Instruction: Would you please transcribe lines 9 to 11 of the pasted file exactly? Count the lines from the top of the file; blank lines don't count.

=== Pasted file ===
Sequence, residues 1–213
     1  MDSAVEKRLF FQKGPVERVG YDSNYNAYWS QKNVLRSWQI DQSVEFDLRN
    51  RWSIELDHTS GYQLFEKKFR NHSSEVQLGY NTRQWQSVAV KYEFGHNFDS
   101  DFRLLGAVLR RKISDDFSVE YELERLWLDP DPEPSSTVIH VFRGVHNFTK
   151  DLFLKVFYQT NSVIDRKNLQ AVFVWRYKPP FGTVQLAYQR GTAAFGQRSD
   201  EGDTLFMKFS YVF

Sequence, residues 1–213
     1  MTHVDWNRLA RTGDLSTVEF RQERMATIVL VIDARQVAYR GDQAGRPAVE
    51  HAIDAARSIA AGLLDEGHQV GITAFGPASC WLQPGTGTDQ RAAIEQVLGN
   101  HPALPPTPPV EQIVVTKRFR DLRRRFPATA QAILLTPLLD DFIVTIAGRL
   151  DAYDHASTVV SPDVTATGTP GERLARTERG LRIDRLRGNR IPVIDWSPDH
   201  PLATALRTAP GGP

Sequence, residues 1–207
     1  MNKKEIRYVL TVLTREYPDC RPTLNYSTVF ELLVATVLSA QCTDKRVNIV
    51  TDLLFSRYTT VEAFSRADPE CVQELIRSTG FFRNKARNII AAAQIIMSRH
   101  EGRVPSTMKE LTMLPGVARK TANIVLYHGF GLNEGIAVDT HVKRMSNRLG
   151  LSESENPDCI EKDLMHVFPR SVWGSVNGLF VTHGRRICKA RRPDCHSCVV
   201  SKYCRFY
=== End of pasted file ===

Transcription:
    51  HAIDAARSIA AGLLDEGHQV GITAFGPASC WLQPGTGTDQ RAAIEQVLGN
   101  HPALPPTPPV EQIVVTKRFR DLRRRFPATA QAILLTPLLD DFIVTIAGRL
   151  DAYDHASTVV SPDVTATGTP GERLARTERG LRIDRLRGNR IPVIDWSPDH